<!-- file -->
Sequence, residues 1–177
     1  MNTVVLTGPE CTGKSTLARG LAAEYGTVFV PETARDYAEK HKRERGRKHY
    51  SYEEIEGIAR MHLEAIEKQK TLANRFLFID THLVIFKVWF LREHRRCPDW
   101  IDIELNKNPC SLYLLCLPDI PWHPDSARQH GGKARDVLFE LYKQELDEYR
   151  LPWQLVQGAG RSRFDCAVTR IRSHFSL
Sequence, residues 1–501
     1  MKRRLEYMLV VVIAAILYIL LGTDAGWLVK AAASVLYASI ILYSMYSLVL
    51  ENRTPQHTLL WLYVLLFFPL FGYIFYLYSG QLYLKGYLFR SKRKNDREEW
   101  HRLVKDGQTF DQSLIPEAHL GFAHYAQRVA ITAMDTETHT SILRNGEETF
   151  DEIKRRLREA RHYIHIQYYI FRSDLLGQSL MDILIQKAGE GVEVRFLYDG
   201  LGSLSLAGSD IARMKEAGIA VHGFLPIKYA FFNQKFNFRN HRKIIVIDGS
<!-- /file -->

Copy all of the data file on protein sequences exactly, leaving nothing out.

Sequence, residues 1–177
     1  MNTVVLTGPE CTGKSTLARG LAAEYGTVFV PETARDYAEK HKRERGRKHY
    51  SYEEIEGIAR MHLEAIEKQK TLANRFLFID THLVIFKVWF LREHRRCPDW
   101  IDIELNKNPC SLYLLCLPDI PWHPDSARQH GGKARDVLFE LYKQELDEYR
   151  LPWQLVQGAG RSRFDCAVTR IRSHFSL
Sequence, residues 1–501
     1  MKRRLEYMLV VVIAAILYIL LGTDAGWLVK AAASVLYASI ILYSMYSLVL
    51  ENRTPQHTLL WLYVLLFFPL FGYIFYLYSG QLYLKGYLFR SKRKNDREEW
   101  HRLVKDGQTF DQSLIPEAHL GFAHYAQRVA ITAMDTETHT SILRNGEETF
   151  DEIKRRLREA RHYIHIQYYI FRSDLLGQSL MDILIQKAGE GVEVRFLYDG
   201  LGSLSLAGSD IARMKEAGIA VHGFLPIKYA FFNQKFNFRN HRKIIVIDGS